Thanks so much for your contribution – don’t forget the logo if you’re doing the Valentine’s Round-Up! :)

    • I can’t vouch for it because I haven’t tried it but I have seen recipes with higher temperatures and lower times. One I saw was 425 degrees for 7-8 minutes and let them cool in the pan for 4-5 minutes. And I’m going to head over to your blog for that logo now. Thanks!

    • Compliments from kids are the BEST! But feel free to take all the credit when you serve your kids donuts. (Reminds me of Bill Cosby’s “Himself” when he talks about the chocolate cake for breakfast for his kids.)

      • Yes! “Dad is great! he gives us chocolate cake!” Love Bill Cosby! I have to try these donuts. They look so good, and I love fall flavor treats.

  2. Oh my gosh!! Cannot wait to try this recipe. Definitely gonna have to invest on a donut maker just to try these. Amazing recipes u come up with!!!

  3. And I thought I had to swear off donuts forever ;) Love your recipe and the fact that the flour is grain-free (can’t get enough of my coconut flour!). Definitely trying this … as soon as I make that donut maker purchase! If you don’t mind me asking, where did you get yours? I wonder if I can find any that are enameled cast iron, since I’m not a fan of the chemical nonstick. But then I’d be forced to use it very frequently to justify the cost :D

    • Heba,
      I thought the exact same thing. I bought mine at Target and I just added some links in the post for a couple of different ones on Amazon. I also saw one on there (put a link at the end of the post) for a heart-shaped pan which looks cool. I’m going to have to invest in one of those pans to test the recipe in the oven. I’ll post the results. See the lengths I will go to for the good of mankind?! :-)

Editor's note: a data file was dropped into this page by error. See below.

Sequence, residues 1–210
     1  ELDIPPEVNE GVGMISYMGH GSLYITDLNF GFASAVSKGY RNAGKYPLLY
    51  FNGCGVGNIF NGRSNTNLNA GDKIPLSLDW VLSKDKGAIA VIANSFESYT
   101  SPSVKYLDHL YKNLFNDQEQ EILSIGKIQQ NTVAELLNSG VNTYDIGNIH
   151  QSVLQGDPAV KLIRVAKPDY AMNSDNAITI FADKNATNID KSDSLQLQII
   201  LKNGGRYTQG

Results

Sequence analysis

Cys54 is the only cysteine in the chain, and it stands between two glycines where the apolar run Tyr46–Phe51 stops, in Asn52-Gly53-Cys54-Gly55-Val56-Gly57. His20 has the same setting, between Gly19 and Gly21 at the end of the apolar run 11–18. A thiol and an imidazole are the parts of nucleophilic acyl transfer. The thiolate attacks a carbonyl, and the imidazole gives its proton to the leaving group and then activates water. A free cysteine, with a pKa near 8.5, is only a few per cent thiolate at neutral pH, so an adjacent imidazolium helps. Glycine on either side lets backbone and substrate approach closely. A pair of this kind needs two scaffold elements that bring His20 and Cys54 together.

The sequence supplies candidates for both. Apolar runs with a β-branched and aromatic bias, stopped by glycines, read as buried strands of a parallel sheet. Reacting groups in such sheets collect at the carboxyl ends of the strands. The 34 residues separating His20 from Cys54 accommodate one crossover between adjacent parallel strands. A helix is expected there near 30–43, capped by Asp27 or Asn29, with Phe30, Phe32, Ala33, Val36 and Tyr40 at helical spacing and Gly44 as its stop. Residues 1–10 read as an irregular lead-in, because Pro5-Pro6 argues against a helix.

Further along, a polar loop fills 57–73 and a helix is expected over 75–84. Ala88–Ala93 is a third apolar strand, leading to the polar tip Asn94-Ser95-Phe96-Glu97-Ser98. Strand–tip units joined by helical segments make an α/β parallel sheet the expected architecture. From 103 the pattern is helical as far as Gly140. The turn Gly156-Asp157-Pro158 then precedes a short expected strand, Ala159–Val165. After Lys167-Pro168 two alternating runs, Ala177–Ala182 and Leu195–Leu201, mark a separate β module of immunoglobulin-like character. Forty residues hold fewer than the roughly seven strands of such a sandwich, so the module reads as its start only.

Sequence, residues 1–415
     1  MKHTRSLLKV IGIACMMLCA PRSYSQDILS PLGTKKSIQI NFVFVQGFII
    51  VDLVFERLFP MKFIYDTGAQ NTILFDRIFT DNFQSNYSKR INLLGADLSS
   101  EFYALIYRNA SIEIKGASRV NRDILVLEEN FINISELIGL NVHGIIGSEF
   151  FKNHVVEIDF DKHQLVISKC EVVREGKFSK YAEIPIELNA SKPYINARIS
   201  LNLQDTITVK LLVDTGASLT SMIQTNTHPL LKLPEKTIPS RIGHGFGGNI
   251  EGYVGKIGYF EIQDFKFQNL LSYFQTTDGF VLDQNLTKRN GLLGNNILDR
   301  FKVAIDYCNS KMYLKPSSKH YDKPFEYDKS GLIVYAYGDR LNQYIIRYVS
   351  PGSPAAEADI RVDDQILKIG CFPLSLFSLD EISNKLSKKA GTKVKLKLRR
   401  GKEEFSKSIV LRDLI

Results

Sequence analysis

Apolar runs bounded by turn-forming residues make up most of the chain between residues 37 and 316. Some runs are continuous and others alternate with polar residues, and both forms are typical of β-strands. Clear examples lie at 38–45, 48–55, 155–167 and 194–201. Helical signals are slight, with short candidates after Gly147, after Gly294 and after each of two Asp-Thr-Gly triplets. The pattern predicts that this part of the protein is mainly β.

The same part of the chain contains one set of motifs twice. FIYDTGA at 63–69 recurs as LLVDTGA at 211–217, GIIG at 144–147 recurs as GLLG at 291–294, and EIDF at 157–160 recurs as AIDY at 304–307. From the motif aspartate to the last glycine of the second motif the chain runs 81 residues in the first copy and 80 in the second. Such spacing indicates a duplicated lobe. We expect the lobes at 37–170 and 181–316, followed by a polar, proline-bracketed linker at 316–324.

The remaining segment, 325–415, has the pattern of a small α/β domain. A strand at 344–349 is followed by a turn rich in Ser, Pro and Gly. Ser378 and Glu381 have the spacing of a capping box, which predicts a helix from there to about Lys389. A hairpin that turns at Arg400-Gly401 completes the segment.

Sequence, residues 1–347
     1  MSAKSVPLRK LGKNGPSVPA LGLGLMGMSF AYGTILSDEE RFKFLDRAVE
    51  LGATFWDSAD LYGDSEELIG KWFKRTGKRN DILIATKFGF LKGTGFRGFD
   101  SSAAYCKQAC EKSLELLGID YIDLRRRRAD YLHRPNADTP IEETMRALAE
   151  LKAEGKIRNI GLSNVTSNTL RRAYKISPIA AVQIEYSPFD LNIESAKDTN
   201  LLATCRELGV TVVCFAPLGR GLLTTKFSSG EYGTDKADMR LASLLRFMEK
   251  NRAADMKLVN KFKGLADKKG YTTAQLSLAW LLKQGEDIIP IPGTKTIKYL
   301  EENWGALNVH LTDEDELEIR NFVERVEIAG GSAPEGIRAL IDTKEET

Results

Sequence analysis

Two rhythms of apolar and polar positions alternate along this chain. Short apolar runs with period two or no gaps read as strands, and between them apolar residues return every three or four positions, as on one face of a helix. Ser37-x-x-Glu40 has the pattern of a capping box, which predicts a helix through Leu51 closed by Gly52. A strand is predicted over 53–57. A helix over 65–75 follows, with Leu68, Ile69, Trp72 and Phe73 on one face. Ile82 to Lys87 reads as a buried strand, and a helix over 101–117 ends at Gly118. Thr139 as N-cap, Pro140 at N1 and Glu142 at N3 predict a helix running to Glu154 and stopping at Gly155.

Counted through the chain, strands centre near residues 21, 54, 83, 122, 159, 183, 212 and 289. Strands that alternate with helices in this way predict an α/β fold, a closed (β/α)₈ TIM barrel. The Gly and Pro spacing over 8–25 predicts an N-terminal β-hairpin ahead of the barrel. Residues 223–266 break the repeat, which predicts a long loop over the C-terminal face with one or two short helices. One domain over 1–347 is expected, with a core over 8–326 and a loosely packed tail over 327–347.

• Heart-shaped donuts would be so nice. This batter is pretty thick which means it might require some extra liquid if using a regular donut pan. I hope it works out for you. I’m going to retest this recipe using a regular donut pan myself and see how it goes and then update the post. Thanks for your comments!

      • Did you try it out in an oven donut pan? I purchased one this weekend…they didn’t have a donut maker…wondering if there are any adaptations you suggest???
        Thanks :)

        • I suggest you try cooking them for 20 minutes at 350 degrees and letting them sit for another 20 minutes before trying to remove them from the pan. Another commenter also had success cooking them this way. Just make sure you grease the pan – I’m sure you know that already though! Good luck

  4. I didn’t think I’d like those donut makers but this recipe makes me reconsider my reservations about them. These look amazing!!! I must try. I can’t help but think that a maple syrup glaze would also go well with them, maybe dipped in some chopped nuts too? Yum, yum, yum. :)

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  6. Lea, I just made these in the oven in my doughnut pan, and they are delicious! I baked them for nearly 20 minutes at 350 until they were browned around the edges, and left them to sit about 20 minutes after taking them out of oven. They were very soft, and remain that way, almost spongey now. To get the doughnuts, I turned the pan over onto a cutting board. Two of the doughnuts broke coming out of the pan. I’ll play around with it some more to see if I can get them firmer (maybe no extra liquid after all), but the taste is in need of NO upgrades! Thanks so much for the recipe inspiration :)

    My modifications:
    Flax gel instead of eggs (2 TB flax meal + 1/3 cup warm water)
    Grade A maple syrup instead of honey
    2/3 cup instead of 1/2 cup apple cider (following suggestion for more liquid in a baked version)
    I brushed on coconut oil and sprinkled sucanat-cinnamon mix instead of coconut sugar-cinnamon mix. (I don’t have coconut sugar yet.)